Day 123: Symphony No. 8 in C Minor (Paternostro)

This morning’s conductor of Anton Bruckner’s Symphony No. 8 in C Minor (WAB 108), nicknamed “The Apocalyptic,” although I don’t know why, is Vienna-born Roberto Paternostro (1957?-).

I first heard the mysterious Mr. Paternostro (the box set contains zero information about him…and there’s scant info about him online) on Day 11, when he interpreted Symphony No. 1.

Then again on Day 27, Symphony No. 2.

Then again on Day 43, Symphony No. 3.

Then again on Day 59, Symphony NO. 4.

Then again on Day 75, Symphony No. 5.

Then again on Day 91, Symphony No. 6.

Then again, most recently, on Day 107, Symphony No. 7.

Today is the eighth time I’m hearing Maestro Paternostro interpret a Bruckner symphony.

If you want to know what I thought of those previous symphonies, take a peek. Let your mouse do the clicking. Otherwise, here are the facts about today’s recording:

brucknerpaternostroboxBruckner’s Symphony No. 8 in C Minor (WAB 108), composed 1884-1890
Roberto Paternostro conducts
Paternostro used the “1890 Version,” according to the CD sleeve, most likely edited by Nowak
Wurttembergische Philharmonie Reutlingen plays
The symphony clocks in at hefty 85:30 (Yikes!)
This was recorded live at Basilika Weingarten, Germany, on July 15, 2000
Paternostro was 45 when he conducted it
Bruckner was 66 when he finished composing it
This recording was released on the SWR/Membran label

Bruckner wrote his symphonies in four parts. The time breakdown of this one (Symphony No. 8 in C Minor, 1890 Version), from this particular conductor (Paternostro) and this particular orchestra (Wurttembergische Philharmonie Reutlingen) is as follows:

I. Allegro moderato…………………………………………………………………………….17:13
II. Scherzo. Allegro moderato…………………………………………………………….14:24
II. Adagio. Feierlich langsam; aber nicht schleppend……………………….28:37
IV. Finale. Feierlich, nicht schnell……………………………………………………….25:18

Total running time: 85:30 (over two CDs: CD 1 is 31:36 , CD 2 is 53:54)

Of the 1890 Version, its entry on Wikipedia tells us this:

Some scholars such as Deryck Cooke and Robert Haas have suggested that the 1890 revision was the product of Bruckner’s insecurity and pressure from his colleagues such as Josef Schalk: Cooke even referred to it as the “Bruckner-Schalk revision”. Against this Leopold Nowak has pointed out that there is no evidence of any handwriting other than Bruckner’s own in the 1890 manuscript. According to the testimony of Bruckner’s friends and associates the composer was extremely resistant to outside interference.

The scoring of the 1890 version is fuller and more grandiloquent than the 1887 version, with subtler textures and harmonies in the woodwind in particular, allowed for by the increased size of this section of the orchestra. It was published in 1955 in an edition edited by Leopold Nowak.

And now for my subjective assessment:

My Rating:
Recording quality: 3
Overall musicianship: 3
CD liner notes: 0 (totally unacceptable)
How does this make me feel: 2

Paternostro and Wurttembergische Philharmonie Reutlingen turned in an ass-numbing performance of Bruckner’s Eighth. I mean, seriously, did he really need 85:30 to tell the tale – any more than Maazel needed 86:05? Any symphony that approaches an hour and a half had better be freaking brilliant. Or performed by musicians sent from God on high and imbued with all the facets and allure of the star-filled heavens.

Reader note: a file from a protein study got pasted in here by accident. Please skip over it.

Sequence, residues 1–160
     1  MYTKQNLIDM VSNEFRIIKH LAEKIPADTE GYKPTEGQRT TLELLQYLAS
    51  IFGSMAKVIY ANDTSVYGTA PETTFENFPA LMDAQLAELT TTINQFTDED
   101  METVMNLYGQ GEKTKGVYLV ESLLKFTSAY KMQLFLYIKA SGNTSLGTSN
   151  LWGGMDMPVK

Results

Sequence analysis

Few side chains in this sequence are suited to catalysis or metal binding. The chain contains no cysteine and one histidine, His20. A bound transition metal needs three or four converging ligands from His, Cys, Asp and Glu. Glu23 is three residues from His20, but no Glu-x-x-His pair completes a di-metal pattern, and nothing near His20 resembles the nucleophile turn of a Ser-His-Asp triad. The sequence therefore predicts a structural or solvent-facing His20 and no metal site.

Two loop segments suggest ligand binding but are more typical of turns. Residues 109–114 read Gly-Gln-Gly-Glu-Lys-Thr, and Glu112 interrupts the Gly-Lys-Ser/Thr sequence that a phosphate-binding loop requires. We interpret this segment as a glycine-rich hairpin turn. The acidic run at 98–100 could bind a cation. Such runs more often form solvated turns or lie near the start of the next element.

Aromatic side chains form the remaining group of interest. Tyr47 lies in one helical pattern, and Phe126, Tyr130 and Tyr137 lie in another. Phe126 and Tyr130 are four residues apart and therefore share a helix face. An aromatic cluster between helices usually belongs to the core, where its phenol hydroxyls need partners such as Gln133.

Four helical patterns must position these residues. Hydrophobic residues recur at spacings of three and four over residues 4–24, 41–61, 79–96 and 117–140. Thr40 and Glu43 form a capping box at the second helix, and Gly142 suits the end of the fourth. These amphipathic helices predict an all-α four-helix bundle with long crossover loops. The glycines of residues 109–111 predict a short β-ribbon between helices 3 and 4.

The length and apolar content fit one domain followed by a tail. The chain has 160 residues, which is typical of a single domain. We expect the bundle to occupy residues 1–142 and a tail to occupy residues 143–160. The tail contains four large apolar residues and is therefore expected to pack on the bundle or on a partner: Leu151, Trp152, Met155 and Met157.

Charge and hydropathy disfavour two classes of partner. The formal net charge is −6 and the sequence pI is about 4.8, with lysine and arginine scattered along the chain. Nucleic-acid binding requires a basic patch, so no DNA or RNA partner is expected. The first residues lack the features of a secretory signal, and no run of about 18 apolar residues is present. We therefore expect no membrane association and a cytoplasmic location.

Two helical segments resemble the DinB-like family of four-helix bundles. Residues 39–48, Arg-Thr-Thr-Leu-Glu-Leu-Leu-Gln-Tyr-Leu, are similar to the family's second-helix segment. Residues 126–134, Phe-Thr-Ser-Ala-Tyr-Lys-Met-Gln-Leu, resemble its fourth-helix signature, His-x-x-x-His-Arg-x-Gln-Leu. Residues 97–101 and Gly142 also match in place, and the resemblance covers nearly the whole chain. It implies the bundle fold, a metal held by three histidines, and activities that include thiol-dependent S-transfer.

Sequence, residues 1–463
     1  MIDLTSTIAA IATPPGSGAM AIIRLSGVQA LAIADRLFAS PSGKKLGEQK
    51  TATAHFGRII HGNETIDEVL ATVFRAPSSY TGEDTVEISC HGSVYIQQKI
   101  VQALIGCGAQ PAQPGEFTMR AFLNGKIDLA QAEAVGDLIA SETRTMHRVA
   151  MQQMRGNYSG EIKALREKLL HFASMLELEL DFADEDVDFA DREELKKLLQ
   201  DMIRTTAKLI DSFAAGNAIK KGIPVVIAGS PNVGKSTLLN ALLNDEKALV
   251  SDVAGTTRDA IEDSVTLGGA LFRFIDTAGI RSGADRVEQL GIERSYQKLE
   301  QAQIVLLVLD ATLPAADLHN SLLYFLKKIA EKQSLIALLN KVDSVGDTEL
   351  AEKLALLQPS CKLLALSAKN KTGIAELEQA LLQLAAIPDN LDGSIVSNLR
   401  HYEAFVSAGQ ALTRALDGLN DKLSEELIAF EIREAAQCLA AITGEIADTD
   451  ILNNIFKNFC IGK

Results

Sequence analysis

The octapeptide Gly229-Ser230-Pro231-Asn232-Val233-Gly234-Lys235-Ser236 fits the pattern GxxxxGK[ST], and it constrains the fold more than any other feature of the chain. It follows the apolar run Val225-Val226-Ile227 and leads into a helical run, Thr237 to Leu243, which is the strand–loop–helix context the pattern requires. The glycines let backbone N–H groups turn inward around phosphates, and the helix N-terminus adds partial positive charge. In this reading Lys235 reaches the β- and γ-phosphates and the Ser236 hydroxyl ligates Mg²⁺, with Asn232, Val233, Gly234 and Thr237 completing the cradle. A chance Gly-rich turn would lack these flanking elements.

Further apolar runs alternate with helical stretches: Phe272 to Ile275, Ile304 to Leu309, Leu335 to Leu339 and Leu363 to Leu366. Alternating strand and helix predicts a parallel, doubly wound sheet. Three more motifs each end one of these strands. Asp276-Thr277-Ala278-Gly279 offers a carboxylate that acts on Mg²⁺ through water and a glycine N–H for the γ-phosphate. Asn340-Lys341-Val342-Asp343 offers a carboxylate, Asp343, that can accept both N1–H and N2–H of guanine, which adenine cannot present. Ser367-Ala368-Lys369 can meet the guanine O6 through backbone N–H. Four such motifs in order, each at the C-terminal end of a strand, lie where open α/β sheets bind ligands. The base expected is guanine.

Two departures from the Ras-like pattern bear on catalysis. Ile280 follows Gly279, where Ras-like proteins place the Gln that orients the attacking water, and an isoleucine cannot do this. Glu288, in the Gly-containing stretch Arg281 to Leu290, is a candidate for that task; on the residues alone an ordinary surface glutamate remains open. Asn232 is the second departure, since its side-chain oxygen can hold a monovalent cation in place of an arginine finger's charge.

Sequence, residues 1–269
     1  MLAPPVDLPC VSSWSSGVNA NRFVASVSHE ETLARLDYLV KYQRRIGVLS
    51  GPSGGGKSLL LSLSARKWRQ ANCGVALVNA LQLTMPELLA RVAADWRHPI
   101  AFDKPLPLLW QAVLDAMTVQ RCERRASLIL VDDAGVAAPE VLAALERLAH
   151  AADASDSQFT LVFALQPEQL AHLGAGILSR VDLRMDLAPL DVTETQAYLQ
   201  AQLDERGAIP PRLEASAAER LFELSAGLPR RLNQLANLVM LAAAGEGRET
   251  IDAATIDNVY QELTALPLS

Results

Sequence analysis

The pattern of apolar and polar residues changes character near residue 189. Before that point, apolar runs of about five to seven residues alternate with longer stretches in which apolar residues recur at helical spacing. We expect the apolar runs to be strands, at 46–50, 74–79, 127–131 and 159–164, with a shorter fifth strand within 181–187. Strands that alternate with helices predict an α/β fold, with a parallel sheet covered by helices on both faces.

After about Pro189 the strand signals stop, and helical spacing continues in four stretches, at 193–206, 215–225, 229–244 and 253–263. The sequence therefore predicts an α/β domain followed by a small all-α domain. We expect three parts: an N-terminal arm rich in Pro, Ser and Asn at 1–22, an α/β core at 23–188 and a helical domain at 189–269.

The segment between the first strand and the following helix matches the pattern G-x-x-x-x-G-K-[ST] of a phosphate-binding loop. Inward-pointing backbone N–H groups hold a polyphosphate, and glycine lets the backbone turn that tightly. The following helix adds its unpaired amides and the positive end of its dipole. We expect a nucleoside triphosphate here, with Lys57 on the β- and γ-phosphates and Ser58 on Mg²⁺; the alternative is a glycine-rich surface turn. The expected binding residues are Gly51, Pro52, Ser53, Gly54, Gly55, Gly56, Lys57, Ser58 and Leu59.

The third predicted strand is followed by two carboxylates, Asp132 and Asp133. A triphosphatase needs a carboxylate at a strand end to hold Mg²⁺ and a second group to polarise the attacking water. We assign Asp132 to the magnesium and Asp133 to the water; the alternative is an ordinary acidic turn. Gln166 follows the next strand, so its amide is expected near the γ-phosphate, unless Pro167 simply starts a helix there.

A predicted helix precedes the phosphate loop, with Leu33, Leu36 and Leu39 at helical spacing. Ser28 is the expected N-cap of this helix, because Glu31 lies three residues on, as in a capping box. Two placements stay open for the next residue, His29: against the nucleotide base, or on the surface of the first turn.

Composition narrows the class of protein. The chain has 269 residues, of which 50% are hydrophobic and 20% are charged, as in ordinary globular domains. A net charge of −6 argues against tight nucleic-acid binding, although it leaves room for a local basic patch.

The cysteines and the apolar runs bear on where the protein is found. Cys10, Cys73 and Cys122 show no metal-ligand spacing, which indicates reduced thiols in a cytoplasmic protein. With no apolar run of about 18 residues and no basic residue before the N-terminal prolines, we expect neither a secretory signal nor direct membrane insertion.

Unfortunately, the former is true: Bruckner’s Eighth is brilliant…but this wasn’t performed by musicians sent from God on high and imbued with all the facets and allure of the star-filled heavens.

Since this is only about a minute less than Maazel’s bloated performance (from Day 121), I’d say this and Maazel’s interpretation are in a dead heat for the Ass Number Award.

The thing that bugs me the most about this box set, in general, is the lack of liner notes, as well as the total lack of information about the record label, the symphony, and the conductor. To find the name of the record label that produced this, I had to search high and low – and eventually see it on the back of the box, down at the bottom. It’s like they’re trying to hide the fact they released this.

The main thing that bugged me about this performance, in particular, is that it sounds like it was recorded with some of the instruments in a shoe box in the hall closet. It has a tiny sound, a small sound.

Or, maybe this is a better way to put it: The musicians sound like they’re playing with straight jackets on. Restrained. Reserved. Withdrawn.

In parts where I’d expect unbridled enthusiasm – all-out, triumphant exhuberance – I get a small sound that makes me feel like I’ve been sucking on lemons, all puckered. Like a big sphincter. (Which isn’t really that far off. I’ve been called an ass before. Many times.)

I was fooled by this recording. At first, anyway. I thought the Allegro held great promise. The French horns were so pretty, so delicate, so warm (around the 6-minute mark). I was intrigued.

But the brass instruments in the Scherzo sounded like toys, like the orchestra was performing on kazoos. Just…tiny.

And the Finale had that same puckered sound, like the musicians were being held back. And were playing with tiny instruments without the power to rise above, to express reckless abandon, joy.

Obviously, this is just my opinion.

Your mileage may vary.

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